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Electrochemical behaviour of steel reinforced concrete during accelerated corrosion testing

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journal contribution
posted on 24.02.2009, 13:20 by Simon A. Austin, Richard Lyons, Matthew J. Ing
Corrosion of reinforcing steel presents a major durability issue worldwide and is the focus of much research activity. The long time periods involved in replicating reinforcement corrosion within laboratories has resulted in a number of accelerated test methods being developed. The basis of this research presented in this paper was to examine the impressed current technique often used to induce reinforcement corrosion. The suitability of the technique to model chloride induced corrosion was investigated by examining the electrochemical nature of the test method. Corrosion was induced in prisms of differing characteristic strengths and cover thicknesses by applying a current for between 3 and 17 days. The gravimetrical and theoretical mass losses are compared and a modified expression based on Faraday’s law relating the electrical current to the mass loss is also proposed which accounts for the localised nature of chloride-induced corrosion. It was found that the technique is a suitable method to simulate reinforcement corrosion.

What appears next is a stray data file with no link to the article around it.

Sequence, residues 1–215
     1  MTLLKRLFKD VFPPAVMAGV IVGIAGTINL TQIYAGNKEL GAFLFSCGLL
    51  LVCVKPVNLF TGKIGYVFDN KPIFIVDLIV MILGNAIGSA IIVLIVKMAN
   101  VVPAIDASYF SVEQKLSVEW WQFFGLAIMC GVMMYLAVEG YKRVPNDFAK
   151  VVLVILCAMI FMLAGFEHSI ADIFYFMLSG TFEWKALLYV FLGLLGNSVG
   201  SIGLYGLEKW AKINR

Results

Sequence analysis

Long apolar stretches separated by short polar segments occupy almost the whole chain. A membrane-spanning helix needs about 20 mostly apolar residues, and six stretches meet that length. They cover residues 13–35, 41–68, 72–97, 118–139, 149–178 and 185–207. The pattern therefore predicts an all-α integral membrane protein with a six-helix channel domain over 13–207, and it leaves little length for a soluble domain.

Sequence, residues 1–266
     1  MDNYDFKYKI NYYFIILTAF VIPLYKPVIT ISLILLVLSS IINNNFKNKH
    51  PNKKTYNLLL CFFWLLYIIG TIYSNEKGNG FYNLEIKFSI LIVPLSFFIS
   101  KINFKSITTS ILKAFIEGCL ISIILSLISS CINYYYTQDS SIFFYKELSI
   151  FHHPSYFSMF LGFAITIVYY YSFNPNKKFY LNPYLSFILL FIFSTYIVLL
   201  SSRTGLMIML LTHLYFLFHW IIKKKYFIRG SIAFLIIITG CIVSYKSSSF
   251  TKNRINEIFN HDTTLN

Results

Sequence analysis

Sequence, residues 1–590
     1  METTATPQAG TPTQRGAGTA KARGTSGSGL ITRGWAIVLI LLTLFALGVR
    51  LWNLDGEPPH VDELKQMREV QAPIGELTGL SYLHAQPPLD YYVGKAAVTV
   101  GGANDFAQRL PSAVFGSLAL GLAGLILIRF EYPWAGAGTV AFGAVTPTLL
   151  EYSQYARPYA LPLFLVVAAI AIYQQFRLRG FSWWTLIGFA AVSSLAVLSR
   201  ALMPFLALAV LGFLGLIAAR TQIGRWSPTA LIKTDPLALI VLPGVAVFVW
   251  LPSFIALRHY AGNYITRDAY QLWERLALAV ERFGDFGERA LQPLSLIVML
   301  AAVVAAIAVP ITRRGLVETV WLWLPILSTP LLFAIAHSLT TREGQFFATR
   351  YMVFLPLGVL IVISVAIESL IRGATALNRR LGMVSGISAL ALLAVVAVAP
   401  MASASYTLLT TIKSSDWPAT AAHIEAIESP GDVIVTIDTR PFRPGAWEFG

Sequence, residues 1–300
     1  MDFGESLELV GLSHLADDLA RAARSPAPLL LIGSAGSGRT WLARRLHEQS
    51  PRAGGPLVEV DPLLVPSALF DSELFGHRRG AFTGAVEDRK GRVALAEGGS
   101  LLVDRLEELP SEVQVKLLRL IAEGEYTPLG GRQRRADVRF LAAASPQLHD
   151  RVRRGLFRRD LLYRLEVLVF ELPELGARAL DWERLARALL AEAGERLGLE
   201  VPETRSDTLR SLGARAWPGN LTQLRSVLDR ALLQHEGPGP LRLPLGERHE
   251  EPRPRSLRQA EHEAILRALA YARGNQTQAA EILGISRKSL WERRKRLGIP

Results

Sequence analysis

• Architecture, Building and Civil Engineering


AUSTIN, S. A., LYONS, R. and ING, M., 2004. Electrochemical behaviour of steel reinforced concrete during accelerated corrosion testing. Corrosion, 60 (2), pp 203 - 212


© National Association of Corrosion Engineers


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This article was published in the journal, Corrosion [© National Association of Corrosion Engineers].